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Organization Theory: Strategy Implementation Process

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Title: Organization Theory: Strategy Implementation Process


1
Organization Theory Strategy Implementation
Process
  • Steven E. Phelan
  • October, 2008

2
Overview
  • Simulation Results
  • Organizations as machines
  • Strengths and limitations, implications for
    strategy
  • Organizations as organisms
  • Open systems
  • Contingency theory
  • Organizational ecology
  • Brains and Cultures
  • Paths of Glory

3
Organization Theory
  • Developed out of sociology
  • Sociologists tend to believe in institutions and
    forces greater than the individual (that may even
    constrain the individual)
  • Management theory has tended to see managers as
    free agents
  • See Democrats on an Elevator video
  • Give some left and right wing interpretations

4
Fundamental Tensions
  • Individual vs. Society
  • Choice vs Constraint
  • Free agency vs. Determinism
  • Freedom vs. Inevitability
  • Pre-ordained, Destiny
  • We will explore these boundaries in the next two
    classes
  • Why, what is the relevance to future CEOs?

5
Morgan on Metaphor
  • Morgan justifies his book as teaching metaphors
  • Is there value in teaching people to see their
    organizations in different ways?
  • What, then, is truth if different people learn to
    see the same thing in different ways?
  • Do you see an old or young woman to the right?

6
Organizations as Machines
7
Organization as machine
  • Pre-determined goals and objectives
  • A rational structure of jobs and activities
  • Its blueprint becomes an organizational chart
  • People are hired to operate the machine and
    behave in a predetermined way
  • When an organization is seen as a machine it is
    expected to operate in a routinized, efficient,
    reliable, and predictable way

8
My life as a machine
  • Whoever uses a machine does all his work like a
    machine. He who does his work like a machine
    grows a heart like a machine He loses his soul!
  • The industrial age left its mark on the
    imagination, thoughts, and feelings of humans
  • Organizational life is often routinized with the
    precision demanded of clockwork
  • People arrive at work at a given time, perform a
    predetermined set of activities, rest at
    appointed hours, and then resume their tasks
    until work is over.
  • Employees are expected to behave as if they were
    parts of a machine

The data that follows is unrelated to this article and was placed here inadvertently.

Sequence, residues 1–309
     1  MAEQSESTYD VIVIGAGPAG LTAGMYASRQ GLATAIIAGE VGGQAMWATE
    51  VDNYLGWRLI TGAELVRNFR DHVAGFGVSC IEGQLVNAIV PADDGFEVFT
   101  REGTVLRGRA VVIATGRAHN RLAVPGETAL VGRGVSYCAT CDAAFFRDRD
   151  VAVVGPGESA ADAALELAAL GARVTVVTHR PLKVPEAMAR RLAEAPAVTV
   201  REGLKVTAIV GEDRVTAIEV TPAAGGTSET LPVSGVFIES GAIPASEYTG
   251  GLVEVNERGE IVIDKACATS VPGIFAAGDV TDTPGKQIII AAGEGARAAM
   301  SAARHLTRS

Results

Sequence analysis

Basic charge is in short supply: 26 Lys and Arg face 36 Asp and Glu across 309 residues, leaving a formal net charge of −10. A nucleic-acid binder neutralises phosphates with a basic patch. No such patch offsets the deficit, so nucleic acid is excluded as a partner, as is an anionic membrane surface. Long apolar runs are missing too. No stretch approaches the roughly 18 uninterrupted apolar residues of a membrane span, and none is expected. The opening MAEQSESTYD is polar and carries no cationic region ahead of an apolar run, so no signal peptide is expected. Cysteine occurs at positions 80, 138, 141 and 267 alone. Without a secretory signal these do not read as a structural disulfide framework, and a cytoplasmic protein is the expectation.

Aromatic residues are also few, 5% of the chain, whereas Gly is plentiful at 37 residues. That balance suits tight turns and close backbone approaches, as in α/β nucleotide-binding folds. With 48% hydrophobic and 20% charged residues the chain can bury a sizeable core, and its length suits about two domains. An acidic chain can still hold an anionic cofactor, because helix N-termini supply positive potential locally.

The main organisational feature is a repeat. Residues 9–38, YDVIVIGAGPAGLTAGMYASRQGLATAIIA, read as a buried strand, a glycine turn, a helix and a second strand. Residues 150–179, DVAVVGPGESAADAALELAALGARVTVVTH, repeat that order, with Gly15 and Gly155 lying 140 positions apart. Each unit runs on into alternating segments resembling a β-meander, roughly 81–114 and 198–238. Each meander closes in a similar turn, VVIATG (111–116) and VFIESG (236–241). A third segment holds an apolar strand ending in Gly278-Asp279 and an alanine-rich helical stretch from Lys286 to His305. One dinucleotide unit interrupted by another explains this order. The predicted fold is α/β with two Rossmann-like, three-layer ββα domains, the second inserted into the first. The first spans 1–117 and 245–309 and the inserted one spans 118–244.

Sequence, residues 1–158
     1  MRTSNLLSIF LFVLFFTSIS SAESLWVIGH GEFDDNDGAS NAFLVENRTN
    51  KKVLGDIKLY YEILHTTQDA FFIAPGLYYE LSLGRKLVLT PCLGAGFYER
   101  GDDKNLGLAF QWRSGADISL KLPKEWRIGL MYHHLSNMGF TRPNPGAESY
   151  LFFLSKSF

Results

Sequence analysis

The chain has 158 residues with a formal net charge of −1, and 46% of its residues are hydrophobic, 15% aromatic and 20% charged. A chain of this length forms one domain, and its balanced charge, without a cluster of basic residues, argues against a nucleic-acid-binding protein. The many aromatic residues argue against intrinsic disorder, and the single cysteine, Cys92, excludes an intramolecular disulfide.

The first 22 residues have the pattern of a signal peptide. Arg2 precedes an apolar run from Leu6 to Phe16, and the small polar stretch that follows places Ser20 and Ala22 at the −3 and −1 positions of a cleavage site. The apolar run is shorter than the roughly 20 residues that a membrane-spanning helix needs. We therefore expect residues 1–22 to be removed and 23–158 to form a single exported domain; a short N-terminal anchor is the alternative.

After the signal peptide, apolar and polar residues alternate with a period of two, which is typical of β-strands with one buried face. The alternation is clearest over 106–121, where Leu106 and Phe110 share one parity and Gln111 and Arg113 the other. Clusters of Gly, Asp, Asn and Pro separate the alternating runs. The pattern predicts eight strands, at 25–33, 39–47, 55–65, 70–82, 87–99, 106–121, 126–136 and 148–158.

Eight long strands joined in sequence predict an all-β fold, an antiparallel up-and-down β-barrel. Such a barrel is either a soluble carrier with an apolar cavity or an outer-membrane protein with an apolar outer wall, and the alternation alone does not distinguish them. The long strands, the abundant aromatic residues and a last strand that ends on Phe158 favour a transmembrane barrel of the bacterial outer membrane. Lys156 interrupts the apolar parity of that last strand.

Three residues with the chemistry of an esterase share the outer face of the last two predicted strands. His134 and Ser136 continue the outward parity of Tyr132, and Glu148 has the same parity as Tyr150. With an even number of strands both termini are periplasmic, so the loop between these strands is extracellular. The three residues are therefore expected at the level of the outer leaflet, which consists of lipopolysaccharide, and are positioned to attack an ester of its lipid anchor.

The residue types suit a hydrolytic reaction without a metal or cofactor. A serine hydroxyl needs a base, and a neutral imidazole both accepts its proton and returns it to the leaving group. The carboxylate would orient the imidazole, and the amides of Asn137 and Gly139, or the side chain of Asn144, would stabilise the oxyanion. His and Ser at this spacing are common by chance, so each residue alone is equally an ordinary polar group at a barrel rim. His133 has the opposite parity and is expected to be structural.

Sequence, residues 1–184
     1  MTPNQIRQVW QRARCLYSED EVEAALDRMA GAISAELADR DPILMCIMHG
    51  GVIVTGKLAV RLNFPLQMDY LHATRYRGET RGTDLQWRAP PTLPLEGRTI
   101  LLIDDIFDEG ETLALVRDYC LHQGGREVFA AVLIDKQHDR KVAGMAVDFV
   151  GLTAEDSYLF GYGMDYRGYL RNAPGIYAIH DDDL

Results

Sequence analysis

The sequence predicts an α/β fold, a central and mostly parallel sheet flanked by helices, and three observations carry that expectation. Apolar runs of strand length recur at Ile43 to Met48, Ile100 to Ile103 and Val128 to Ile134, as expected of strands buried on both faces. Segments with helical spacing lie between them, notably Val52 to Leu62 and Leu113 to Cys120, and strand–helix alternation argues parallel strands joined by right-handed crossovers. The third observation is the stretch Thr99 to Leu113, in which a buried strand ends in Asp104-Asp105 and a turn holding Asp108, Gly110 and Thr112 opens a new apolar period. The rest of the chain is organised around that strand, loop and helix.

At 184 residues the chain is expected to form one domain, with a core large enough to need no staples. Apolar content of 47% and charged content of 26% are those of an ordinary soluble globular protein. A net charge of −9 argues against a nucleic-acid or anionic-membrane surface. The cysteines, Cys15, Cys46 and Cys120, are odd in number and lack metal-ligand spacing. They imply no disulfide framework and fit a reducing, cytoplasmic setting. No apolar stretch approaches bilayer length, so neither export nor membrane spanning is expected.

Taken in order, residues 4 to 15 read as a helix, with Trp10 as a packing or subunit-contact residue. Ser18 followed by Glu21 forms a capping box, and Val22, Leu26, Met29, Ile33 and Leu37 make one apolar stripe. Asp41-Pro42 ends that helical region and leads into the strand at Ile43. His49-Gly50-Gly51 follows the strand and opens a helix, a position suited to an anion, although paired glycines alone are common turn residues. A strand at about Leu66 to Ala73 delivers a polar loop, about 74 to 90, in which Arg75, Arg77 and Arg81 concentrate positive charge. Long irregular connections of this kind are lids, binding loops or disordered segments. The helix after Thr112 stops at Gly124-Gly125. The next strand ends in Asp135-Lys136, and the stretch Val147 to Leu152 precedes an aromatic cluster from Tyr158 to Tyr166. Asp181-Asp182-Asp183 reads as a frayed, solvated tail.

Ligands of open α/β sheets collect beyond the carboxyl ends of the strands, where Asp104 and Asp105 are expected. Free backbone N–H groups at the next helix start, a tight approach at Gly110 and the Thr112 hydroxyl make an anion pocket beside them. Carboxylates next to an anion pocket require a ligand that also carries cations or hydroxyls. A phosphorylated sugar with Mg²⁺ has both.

• Do you agree?

9
Max Weber
  • The bureaucratic form routinizes the process of
    administration exactly as the machine routinizes
    production.
  • Bureaucracies provide
  • Precision, speed, clarity, regularity,
    reliability, and efficiency
  • Through
  • A fixed division of tasks, hierarchical
    supervision, and detailed rules and regulations

10
Purging Particularism
  • According to Perrow, one of the major benefits of
    bureaucracy is purging particularism (incl.
    nepotism and favoritism)
  • Loyalty to the king was once everything,
    incompetence counted for little
  • Tenure was an early invention that provided
    freedom from unjust authority
  • separating the office from the person further
    controlled it.

11
Nepotism
  • Nepotism is still a big problem in a lot of
    countries e.g. Italy, Mexico, China
  • Why is it so bad?
  • Because there is often little relationship
    between the social criteria for hiring or
    promoting people and the characteristics that
    affect performance in an organization
  • It may even hurt performance (lower morale,
    motivation etc.)

12
Perrow on corruption
  • Corruption (or enlightened self-interest) is also
    likely to accompany favoritism
  • Perrow argues corruption is good for the
    individual and sometimes even good for the
    organization
  • one of the best ways to seize or retain control
    of an organization is to surround oneself with
    loyal people
  • It doesnt hurt to have a sympathetic friend in
    government
  • See http//www.youtube.com/user/fiercefreeleancer

13
Bureaucracy and Corruption
  • Bureaucracy limits corruption
  • since official goals are proclaimed, unofficial,
    unpublicized, and unlegitimated uses can be held
    up to scrutiny when they are found, and action
    can be taken.
  • The hidden uses of organizations, always
    present, can be exposed and addressed

14
Hierarchy
  • Downside to hierarchy
  • Lack of motivation - not my problem